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  • Renee Cox

    United States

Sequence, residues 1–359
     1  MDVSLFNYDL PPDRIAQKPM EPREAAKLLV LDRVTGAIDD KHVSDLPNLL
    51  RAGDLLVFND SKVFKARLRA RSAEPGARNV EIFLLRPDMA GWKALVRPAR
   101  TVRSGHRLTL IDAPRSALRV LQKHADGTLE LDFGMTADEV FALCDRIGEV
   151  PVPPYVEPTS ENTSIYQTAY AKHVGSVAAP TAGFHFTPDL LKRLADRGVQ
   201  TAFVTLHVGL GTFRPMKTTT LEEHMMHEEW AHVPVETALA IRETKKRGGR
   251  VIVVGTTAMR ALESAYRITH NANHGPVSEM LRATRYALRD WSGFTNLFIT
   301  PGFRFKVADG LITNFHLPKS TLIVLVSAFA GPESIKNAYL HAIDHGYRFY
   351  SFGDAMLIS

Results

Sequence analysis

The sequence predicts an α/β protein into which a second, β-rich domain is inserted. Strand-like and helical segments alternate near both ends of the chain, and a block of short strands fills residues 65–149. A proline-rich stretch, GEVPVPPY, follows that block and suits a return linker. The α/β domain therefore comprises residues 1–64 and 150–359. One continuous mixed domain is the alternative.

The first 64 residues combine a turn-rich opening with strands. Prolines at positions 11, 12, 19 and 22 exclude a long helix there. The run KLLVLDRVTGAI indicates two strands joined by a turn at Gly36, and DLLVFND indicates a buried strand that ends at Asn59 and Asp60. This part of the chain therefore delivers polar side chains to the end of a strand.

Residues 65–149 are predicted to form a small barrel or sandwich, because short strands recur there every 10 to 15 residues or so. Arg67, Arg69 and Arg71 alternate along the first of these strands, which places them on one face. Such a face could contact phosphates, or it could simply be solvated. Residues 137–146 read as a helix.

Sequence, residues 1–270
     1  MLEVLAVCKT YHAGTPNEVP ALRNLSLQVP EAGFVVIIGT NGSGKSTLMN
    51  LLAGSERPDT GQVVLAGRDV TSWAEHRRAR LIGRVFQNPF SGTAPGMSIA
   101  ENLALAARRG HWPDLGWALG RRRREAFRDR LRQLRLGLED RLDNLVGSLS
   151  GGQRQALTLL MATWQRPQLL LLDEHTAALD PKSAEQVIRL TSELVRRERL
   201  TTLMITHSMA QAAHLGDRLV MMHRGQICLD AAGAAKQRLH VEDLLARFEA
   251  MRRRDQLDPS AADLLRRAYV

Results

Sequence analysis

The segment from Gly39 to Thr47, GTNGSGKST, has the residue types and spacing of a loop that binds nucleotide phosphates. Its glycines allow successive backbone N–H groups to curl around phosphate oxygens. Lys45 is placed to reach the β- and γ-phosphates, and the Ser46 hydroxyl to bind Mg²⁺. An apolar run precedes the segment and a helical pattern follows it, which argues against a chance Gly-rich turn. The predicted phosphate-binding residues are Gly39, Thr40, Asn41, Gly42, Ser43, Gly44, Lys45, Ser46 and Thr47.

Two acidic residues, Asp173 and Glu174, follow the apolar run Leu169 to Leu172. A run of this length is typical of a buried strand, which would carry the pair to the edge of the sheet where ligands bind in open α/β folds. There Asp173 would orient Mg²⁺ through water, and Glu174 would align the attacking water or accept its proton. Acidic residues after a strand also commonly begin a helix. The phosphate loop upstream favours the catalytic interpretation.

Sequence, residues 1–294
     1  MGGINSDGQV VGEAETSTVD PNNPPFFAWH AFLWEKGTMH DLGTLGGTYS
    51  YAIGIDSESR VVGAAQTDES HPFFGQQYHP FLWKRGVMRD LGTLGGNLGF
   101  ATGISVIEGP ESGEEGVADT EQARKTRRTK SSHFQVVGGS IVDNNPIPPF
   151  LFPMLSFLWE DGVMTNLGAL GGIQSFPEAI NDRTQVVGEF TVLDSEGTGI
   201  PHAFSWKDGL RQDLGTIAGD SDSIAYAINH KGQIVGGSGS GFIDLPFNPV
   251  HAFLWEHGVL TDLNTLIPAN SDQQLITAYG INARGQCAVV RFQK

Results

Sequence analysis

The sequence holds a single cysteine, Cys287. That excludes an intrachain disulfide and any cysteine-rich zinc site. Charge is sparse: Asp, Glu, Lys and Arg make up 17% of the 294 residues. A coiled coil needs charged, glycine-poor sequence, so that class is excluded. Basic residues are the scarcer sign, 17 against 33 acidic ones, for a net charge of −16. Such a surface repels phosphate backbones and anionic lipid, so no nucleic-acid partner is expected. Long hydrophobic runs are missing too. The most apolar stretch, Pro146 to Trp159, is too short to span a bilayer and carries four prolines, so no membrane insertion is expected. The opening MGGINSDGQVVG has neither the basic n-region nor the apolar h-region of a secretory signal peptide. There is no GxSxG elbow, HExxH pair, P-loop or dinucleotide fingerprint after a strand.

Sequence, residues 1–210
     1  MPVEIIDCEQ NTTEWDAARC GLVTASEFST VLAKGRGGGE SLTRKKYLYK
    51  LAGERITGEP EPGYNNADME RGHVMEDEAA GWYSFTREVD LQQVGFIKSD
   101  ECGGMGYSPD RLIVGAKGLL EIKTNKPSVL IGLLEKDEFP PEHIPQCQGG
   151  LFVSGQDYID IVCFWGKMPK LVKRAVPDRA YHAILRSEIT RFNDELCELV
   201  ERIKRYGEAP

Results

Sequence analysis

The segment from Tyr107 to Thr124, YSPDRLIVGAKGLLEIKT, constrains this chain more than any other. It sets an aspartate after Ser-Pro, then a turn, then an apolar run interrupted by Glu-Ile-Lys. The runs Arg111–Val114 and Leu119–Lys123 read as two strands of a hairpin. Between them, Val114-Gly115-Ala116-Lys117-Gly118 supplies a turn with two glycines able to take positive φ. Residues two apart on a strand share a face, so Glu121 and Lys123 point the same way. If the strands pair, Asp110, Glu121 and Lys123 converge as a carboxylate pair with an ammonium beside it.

Art Brokerage: Renee Cox American Artist: b. 1960. Renée Cox (born 1960 in Jamaica) is a Jamaican-American artist, photographer, political activist and curator. Renee Cox moved to Queens, New York at the age of three months, where she attended Catholic school and was the first girl to play on the boys’ basketball team. She moved with her family to Scarsdale, New York at the age of 14. At the time, the Cox family was one of only seven black families residing in the area. Cox has stated that her “main concern is the deconstruction of stereotypes and the empowerment of women.” She uses herself as her primary model in order to promote an idea of “self-love” as articulated by bell hooks in her book Sisters of the Yam, because as Cox writes in an artist's statement, “slavery stripped black men and women of their dignity and identity and that history continues to have an adverse affect [sic] on the African American psyche.” One of Cox’s main motivations has always been to create new, positive visual representations of African Americans. That same year, Cox’s seven-foot nude self-portrait “Yo Mama” was included in the Bad Girls show curated by Marcia Tucker at the New Museum. Renee Cox was the first woman ever to be pregnant during the Whitney Independent Study Program, pregnant at the time with her second son, which motivated her to create the Yo Mama character and series of photographs. In the photograph Renee stands nude, wearing black high heels, brandishing her older son as if he were a weapon.In 2001, the piece was included in a Brooklyn Museum of Art exhibition Committed to the Image: Contemporary Black Photographers, curated by Barbara Millstein. The image sparked an enormous controversy when Rudy Giuliani, then mayor of New York City, saw the work and proceeded to accuse Cox of being anti-Catholic. Giuliani gained national attention when he subsequently called for the creation of a panel to create decency standards for all art shown at publicly funded museums in the city. Giuliani told the Daily News that he did “not believe that it is right for public money to be used to desecrate religion, to attack people’s ethnicity.” Later that year Cox undertook another series of photographs, this one named for the Jamaican national heroine Queen Nanny of the Maroons. In the series, Cox took on the persona of Queen Nanny, who in the 18th century led a rebellion against the British for the freedom of slaves. Queen Nanny of the Maroons was originally shown at the Robert Miller Gallery in 2005. Cox then exhibited the body of work in the Jamaican Biennial in 2007 where it won the Aaron Matalon Award. Listing wanted.

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